A Model for Decision Making for Intensive Care Unit Admission in Source Limited Hospitals

AUTHORS

Behzad Maghsoudi 1 , Seyed Hesamodin Tabei 1 , * , Farid Zand 1 , Hamidreza Tabatabaee 2 , Armin Akbarzadeh 3

1 Department of Anesthesiology, Shiraz Anesthesiology and Critical Care Research Center, Shiraz University of Medical Sciences, Shiraz, IR Iran

2 Department of Epidemiology, School of Health, Shiraz University of Medical Sciences, Shiraz, IR Iran

3 Student Research Committee, Shiraz University of Medical Sciences, Shiraz, IR Iran

How to Cite: Maghsoudi B, Tabei S H, Zand F, Tabatabaee H, Akbarzadeh A. A Model for Decision Making for Intensive Care Unit Admission in Source Limited Hospitals, Iran Red Crescent Med J. 2014 ; 16(10):e15497. doi: 10.5812/ircmj.15497.

ARTICLE INFORMATION

Iranian Red Crescent Medical Journal: 16 (10); e15497
Published Online: October 5, 2014
Article Type: Research Article
Received: October 19, 2013
Revised: December 24, 2013
Accepted: March 11, 2014
Crossmark

Crossmark

CHEKING

READ FULL TEXT
Abstract

Background: Demand for ICU beds is exceeding its supply. Since the sources are limited in some centers, it is necessary to design a model to identify the patients who benefit more from ICU beds.

Objectives: The present study aimed to develop a model to prioritize adult patients according to their clinical indications by a three rounded Delphi method study.

Patients and Methods: In this study, 22 physicians who practiced in a source limited hospital in southern Iran were invited to participate in a three phase Delphi survey.

Results: At first, the panelists recommended 30 indications. The indications in the first checklist plus those obtained by literature review formed the second checklist which contained 36 items. The items were scored from 0 to 10 by the panelists. According to the scores, the indications were categorized into three priority levels, which were confirmed by the panelists in the third round.

Conclusions: This simple checklist contains the indications for ICU admission categorized into three priority levels. This checklist can be considered as a guide for physicians who practice in hospitals with limited number of ICU beds.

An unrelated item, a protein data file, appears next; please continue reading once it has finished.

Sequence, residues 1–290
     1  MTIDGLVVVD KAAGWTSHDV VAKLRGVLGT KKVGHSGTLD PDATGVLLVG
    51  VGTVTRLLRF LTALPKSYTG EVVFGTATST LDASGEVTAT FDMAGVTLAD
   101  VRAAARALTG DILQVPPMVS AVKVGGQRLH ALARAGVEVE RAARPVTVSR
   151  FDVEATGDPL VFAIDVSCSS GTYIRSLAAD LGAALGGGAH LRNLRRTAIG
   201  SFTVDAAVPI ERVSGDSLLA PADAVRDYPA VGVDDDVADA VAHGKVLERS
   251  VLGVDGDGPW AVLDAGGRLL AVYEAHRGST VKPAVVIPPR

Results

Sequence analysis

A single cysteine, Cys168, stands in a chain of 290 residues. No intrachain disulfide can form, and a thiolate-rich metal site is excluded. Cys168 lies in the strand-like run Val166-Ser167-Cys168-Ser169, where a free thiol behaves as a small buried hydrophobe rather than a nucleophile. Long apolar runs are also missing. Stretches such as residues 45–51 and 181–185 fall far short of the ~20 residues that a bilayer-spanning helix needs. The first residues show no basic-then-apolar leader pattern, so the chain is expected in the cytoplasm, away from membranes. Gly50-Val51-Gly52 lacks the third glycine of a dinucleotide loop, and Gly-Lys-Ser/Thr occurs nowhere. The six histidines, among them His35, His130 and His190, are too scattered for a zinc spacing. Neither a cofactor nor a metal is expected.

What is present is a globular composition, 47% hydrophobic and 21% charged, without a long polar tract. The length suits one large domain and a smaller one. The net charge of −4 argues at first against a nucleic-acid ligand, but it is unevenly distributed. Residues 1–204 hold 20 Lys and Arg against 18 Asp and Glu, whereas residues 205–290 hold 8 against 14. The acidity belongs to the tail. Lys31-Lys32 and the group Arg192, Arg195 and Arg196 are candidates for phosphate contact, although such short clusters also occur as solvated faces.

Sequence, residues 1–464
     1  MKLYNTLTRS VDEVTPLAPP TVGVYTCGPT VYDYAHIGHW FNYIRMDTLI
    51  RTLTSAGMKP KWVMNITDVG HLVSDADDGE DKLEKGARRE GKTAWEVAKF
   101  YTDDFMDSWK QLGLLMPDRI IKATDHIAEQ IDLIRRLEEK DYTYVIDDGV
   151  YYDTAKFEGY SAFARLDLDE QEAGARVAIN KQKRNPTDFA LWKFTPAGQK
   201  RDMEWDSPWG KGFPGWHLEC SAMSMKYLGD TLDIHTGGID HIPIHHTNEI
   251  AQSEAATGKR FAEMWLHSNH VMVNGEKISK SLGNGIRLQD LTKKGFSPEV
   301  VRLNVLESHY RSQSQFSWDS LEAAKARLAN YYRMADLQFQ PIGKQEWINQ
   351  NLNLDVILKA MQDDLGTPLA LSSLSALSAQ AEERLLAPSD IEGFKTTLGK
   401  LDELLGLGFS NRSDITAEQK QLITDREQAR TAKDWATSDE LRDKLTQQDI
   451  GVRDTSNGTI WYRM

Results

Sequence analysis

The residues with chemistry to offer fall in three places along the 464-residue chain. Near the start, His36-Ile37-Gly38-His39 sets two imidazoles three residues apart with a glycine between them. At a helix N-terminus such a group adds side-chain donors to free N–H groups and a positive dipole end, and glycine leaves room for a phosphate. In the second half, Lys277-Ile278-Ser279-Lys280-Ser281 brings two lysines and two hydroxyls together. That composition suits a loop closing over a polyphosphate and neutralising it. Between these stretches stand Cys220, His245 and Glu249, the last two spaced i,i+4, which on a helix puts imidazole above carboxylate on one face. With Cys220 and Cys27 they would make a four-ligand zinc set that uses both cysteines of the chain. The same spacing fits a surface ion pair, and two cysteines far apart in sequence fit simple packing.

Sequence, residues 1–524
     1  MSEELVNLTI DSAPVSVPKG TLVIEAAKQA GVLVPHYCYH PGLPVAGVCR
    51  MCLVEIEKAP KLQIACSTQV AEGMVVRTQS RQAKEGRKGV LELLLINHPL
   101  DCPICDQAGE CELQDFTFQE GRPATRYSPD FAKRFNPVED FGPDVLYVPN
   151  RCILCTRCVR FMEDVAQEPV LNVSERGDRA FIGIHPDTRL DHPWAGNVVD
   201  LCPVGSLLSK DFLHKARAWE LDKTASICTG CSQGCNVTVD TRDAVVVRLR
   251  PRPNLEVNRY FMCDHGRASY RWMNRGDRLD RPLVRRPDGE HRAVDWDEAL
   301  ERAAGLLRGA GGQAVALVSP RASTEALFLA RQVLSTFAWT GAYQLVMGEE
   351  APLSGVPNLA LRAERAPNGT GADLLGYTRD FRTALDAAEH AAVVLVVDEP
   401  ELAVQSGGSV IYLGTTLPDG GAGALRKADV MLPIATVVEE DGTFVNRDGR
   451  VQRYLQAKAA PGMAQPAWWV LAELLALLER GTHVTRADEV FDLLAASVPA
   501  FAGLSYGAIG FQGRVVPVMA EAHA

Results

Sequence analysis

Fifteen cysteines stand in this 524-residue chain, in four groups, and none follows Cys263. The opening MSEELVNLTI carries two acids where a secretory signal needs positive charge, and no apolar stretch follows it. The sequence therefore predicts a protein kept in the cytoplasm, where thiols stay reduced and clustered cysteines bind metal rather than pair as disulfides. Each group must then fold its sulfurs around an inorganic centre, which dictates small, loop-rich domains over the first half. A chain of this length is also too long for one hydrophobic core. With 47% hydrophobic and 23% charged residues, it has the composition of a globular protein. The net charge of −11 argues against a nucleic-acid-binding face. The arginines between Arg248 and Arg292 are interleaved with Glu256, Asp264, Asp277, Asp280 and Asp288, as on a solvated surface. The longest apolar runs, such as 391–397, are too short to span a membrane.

Keywords

Intensive Care Unit Delphi Prioritizing

Copyright © 2014, Iranian Red Crescent Medical Journal. This is an open-access article distributed under the terms of the Creative Commons Attribution-NonCommercial 4.0 International License (http://creativecommons.org/licenses/by-nc/4.0/) which permits copy and redistribute the material just in noncommercial usages, provided the original work is properly cited.

1. Background

The number of the Intensive Care Unit (ICU) beds has been increasing all over the world, but it seems that demands for them exceed the supply (1-3). On the other hand, as the ICU technology becomes more advanced, its costs rise, as well (4-6). Since sources are limited, it is crucial to design a model for ICU admission. In spite of the importance of this issue, few studies have been focused on decision making for ICU admission. Generally, decision making for ICU admission is based on identifying the patients who benefit more from ICU and rejection of those who are too well or too bad to benefit from the unit (7, 8). Today, there are few guidelines which have identified all the indications for ICU admission of the patients (9, 10); however, they are not always useful in practice. In some hospitals, especially in developing countries where sources are limited, it is not possible to follow such guidelines (11, 12). Thus, decision making for ICU admission is performed according to the physicians' opinions rather than a standardized guideline (13). Therefore, it seems that designing a model which ranks the indications for ICU admission according to their importance could be useful in prioritizing the candidates for ICU admission. Delphi method is a forecasting method used to reach consensus by asking some experts to respond to questionnaires in several rounds (14).

2. Objectives

The present study aims to identify the indications in adult patients for decision making about ICU admission and rank them regarding their importance by using Delphi process for consensus building.

3. Patients and Methods

We performed a 3-phase Delphi process in the present study. The panelists' responses (in anonymous forms) regarding the scoring of different indications for decision making about ICU admission were collected at a specific time and then disseminated back to the panel. A summary of our Delphi steps is illustrated in Figure 1.

Schematic of the Steps of the Present 3-Rounded Delphi Study
Figure 1. Schematic of the Steps of the Present 3-Rounded Delphi Study

In this study, four intensivists served as the steering committee. The role of the steering committee was reviewing the literature, identifying the study methodology, designing the initial questions, disseminating them to the panel, reviewing the feedbacks, and performing further steps of the Delphi process. Nonetheless, they did not take part in answering the questions in the panel.